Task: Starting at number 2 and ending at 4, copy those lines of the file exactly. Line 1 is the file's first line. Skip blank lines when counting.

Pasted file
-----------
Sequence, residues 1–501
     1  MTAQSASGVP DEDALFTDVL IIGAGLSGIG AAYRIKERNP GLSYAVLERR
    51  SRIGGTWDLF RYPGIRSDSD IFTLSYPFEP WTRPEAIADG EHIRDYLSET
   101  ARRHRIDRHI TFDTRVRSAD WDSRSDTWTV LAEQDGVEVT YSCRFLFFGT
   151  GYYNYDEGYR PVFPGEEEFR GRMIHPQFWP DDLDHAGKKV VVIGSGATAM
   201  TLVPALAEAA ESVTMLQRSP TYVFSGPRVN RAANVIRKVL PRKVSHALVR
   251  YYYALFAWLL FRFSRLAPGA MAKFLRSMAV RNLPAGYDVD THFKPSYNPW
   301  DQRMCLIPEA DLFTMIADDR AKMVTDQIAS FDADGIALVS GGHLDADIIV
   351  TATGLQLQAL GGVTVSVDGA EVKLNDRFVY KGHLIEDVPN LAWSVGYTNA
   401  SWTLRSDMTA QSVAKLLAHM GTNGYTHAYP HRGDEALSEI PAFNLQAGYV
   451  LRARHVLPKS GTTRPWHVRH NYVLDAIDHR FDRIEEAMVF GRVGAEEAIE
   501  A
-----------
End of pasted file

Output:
     1  MTAQSASGVP DEDALFTDVL IIGAGLSGIG AAYRIKERNP GLSYAVLERR
    51  SRIGGTWDLF RYPGIRSDSD IFTLSYPFEP WTRPEAIADG EHIRDYLSET
   101  ARRHRIDRHI TFDTRVRSAD WDSRSDTWTV LAEQDGVEVT YSCRFLFFGT